Samia Tasnim

Florida International University

Lecture Information:
  • January 23, 2018
  • 1:30 PM
  • ECS 349
Samia Tasnim photo

Speaker Bio

Samia Tasnim is a Ph.D. candidate at the School of Computing and Information Sciences (SCIS), Florida International University (FIU) under the supervision of Dr. S. S. Iyengar and Dr. Niki Pissinou. She received her Bachelor’s degree in Computer Science and Engineering from Bangladesh University of Engineering and Technology (BUET) and Master’s degree in Computer Science from FIU in 2015. Her research interests include mobile systems, wireless sensor networks, database and data mining. Samia worked as a software engineer for two years before starting graduate studies at FIU.


Mobile Wireless Sensor Networks (MWSNs) are a critically important technology area for the acquisition of spatiotemporally dense data in diverse applications, ranging from environmental monitoring to intrusion detection and surveillance. However, due to their depletion of energy resources, deployment in hazardous environments, mechanical faults or malicious attacks by adversaries, sensor data is subject to several sources of errors such as noise, inaccuracies, and imprecision. Existing data cleaning techniques specifically developed for the MWSNs, focus on using post-processing data cleaning at the server end. These methods cannot ensure real-time data accuracy, as they process data in batches after long intervals of time, and thus cannot take immediate action when required. On the other hand, context-awareness allows us to examine the computing environment and react to environmental changes. Recently, scarce research has focused on geographical context of the sensors. Since contextual relationship was only incorporated with either spatial model or time series model, researchers were unable to utilize the relationship among the sensors to the fullest. While researchers have attempted to improve the quality of the received sensor data, no work has been done on how sensor context (e.g., terrain elevation, wind speed, user movement during sensing) can be used along with spatiotemporal relationship in correlated sensor selection for online data cleaning.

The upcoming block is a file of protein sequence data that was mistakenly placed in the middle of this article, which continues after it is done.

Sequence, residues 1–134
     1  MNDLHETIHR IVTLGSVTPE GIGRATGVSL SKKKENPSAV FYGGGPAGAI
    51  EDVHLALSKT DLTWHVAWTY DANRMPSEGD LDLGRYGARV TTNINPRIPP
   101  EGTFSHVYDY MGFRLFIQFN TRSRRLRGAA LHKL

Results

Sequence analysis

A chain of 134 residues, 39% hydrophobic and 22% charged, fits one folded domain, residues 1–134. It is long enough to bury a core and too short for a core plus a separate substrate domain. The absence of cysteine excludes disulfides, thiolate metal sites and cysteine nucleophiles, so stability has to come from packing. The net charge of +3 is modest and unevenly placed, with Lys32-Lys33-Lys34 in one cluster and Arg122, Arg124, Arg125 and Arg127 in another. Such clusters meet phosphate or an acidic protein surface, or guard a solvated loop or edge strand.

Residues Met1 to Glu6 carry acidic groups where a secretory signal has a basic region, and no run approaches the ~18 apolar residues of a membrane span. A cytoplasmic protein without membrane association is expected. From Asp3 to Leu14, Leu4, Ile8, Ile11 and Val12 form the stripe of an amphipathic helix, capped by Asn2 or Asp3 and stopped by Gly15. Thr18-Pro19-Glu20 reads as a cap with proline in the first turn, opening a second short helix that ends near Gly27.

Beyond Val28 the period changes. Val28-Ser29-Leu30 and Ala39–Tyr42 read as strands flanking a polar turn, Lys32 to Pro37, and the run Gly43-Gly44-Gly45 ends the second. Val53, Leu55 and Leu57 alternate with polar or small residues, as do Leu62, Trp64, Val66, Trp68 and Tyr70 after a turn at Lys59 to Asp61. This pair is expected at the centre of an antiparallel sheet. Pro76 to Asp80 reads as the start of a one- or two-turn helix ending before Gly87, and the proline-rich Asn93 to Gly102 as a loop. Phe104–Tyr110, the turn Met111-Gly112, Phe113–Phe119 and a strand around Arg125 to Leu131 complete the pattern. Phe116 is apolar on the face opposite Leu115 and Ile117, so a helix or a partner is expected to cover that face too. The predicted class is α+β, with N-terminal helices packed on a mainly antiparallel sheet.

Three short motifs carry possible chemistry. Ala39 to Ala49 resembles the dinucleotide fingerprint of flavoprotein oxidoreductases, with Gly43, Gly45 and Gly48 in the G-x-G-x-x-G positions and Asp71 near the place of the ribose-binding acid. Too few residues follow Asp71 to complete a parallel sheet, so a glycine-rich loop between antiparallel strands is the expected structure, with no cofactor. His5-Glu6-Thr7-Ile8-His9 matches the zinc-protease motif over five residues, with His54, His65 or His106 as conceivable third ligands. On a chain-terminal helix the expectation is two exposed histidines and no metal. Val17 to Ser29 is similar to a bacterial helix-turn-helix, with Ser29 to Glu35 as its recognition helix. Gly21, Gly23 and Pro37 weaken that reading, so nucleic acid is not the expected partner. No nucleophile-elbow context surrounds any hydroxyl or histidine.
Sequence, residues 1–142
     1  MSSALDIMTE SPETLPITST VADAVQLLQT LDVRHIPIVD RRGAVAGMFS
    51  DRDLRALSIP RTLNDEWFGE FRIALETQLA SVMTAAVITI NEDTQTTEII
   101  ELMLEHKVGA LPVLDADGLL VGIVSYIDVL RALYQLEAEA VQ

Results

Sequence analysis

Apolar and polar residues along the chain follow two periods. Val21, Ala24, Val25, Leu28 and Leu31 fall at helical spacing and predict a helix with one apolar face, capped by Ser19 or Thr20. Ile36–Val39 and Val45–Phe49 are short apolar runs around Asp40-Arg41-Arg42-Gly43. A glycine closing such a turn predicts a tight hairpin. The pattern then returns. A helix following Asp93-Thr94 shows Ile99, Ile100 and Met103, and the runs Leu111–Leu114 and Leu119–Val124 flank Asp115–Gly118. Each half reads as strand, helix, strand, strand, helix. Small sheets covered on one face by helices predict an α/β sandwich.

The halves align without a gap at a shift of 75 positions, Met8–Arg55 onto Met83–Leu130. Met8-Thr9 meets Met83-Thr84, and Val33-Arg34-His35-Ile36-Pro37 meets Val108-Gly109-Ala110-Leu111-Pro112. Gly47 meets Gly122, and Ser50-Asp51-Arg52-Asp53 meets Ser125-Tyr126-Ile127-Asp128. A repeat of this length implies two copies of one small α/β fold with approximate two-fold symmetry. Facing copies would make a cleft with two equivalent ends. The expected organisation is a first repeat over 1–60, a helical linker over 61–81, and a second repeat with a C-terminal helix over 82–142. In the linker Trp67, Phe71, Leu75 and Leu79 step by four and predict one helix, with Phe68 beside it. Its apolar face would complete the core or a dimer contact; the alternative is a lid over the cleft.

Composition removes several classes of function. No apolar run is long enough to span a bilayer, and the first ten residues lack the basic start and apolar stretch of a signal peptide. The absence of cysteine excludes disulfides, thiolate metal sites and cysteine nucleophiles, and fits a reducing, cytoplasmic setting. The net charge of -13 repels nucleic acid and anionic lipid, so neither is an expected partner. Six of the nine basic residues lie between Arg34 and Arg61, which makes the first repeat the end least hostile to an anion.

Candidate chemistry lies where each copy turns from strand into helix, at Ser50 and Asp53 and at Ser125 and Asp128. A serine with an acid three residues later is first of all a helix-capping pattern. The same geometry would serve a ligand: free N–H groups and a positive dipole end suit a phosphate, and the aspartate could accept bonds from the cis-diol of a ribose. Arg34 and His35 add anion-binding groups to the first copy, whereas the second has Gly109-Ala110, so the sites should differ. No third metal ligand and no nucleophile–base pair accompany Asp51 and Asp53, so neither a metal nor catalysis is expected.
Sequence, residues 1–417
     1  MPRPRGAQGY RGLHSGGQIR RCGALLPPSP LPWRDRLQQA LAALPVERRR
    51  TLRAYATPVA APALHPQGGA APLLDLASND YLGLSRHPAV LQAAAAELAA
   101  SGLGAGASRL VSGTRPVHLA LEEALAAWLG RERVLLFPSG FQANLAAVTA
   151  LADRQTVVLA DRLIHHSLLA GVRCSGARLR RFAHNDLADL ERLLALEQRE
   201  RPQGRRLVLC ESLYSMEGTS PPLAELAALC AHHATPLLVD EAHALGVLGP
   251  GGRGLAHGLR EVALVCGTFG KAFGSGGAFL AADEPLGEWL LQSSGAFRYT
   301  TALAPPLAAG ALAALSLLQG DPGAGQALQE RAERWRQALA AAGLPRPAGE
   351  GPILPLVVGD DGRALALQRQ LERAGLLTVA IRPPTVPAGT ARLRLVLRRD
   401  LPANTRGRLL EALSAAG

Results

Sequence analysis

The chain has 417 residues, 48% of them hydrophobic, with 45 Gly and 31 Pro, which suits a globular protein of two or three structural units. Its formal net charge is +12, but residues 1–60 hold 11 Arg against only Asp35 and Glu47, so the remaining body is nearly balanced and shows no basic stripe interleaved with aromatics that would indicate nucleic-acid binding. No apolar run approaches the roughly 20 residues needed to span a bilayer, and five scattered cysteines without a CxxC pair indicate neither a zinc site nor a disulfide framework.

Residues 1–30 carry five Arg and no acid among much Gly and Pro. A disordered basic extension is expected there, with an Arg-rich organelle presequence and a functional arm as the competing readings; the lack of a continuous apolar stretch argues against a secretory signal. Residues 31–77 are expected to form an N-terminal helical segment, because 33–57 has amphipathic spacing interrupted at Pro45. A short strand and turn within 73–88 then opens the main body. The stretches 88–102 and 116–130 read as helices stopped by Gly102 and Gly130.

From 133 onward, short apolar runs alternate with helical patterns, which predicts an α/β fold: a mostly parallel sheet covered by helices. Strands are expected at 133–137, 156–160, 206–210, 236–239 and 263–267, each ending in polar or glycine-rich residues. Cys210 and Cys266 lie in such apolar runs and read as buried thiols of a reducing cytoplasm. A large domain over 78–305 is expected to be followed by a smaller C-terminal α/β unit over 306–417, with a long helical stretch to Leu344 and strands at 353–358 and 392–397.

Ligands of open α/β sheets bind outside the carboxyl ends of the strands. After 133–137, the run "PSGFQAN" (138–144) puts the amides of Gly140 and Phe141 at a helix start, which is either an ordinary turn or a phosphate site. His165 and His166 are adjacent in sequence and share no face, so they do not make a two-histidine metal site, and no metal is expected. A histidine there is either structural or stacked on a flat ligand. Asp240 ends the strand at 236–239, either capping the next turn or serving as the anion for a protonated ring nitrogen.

This dissertation aims at developing online methods by fusing spatiotemporal and context relationships among the participating mobile sensors. To identify contextual relationships that can be used to improve in-network, real-time cleaning of data streams, it is necessary to find if contextual relationship along with spatiotemporal relationship will improve cleaning of data streams in real-time. To do so, we developed a novel data cleaning mechanism where, based on the sensed data and the context relationship of each sensor, we update the credibility of the sensed data. Preliminary results indicate promising outcomes to this proposed method through achieving higher accuracy than state-of-the-art methods. The prediction error that our method achieves is less than those from related contemporary works. Second, we propose a window-based online sub-trajectory clustering method for finding movement similarity based on space, time, direction, and semantics. Preliminary results using a real-world application dataset indicate promising outcomes to this proposed semantic-aware trajectory data mining method.

Our method does not perform well in sparse networks where the concurrent presence of more than one sensor in close proximity is not ensured. In the future, we propose to investigate the different density level of networks to improve data stream cleaning in sparse networks. Moreover, in mobile crowd sensing, no user can be trusted as people tend to provide more amount of data for financial gain, but may ignore the data quality. We will further develop an online method for data quality prediction in mobile crowd sensing that considers heterogeneous trust level of the participating users.